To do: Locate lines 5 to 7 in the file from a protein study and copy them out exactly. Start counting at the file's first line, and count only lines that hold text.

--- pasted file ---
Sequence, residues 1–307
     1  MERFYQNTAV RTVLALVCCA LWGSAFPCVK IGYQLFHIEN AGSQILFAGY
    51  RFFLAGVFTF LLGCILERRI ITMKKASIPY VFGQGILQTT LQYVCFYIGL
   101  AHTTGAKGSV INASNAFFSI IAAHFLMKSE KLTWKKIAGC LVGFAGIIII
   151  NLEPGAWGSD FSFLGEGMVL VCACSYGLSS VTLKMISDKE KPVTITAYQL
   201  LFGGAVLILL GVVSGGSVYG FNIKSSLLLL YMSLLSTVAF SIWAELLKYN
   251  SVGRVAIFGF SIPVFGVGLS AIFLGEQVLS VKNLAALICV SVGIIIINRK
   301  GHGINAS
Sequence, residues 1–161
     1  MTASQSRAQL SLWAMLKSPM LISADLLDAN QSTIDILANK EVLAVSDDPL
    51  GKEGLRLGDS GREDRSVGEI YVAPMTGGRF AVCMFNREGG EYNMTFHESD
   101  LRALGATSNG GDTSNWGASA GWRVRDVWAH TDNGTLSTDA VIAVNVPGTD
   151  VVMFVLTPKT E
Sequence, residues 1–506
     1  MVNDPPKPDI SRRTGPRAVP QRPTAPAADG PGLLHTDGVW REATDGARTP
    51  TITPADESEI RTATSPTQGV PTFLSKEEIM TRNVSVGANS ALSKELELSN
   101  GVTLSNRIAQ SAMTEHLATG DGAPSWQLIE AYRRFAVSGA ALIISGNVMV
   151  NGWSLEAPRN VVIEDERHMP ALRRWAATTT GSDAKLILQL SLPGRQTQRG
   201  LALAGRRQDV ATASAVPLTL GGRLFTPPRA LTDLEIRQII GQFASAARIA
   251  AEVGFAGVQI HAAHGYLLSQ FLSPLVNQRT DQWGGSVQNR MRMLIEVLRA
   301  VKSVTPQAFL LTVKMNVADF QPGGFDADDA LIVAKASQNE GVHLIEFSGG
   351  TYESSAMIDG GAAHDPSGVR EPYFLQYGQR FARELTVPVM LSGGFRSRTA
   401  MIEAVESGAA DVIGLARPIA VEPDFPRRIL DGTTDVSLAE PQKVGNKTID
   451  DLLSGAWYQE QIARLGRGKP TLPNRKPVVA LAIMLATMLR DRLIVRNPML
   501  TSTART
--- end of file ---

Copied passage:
   151  NLEPGAWGSD FSFLGEGMVL VCACSYGLSS VTLKMISDKE KPVTITAYQL
   201  LFGGAVLILL GVVSGGSVYG FNIKSSLLLL YMSLLSTVAF SIWAELLKYN
   251  SVGRVAIFGF SIPVFGVGLS AIFLGEQVLS VKNLAALICV SVGIIIINRK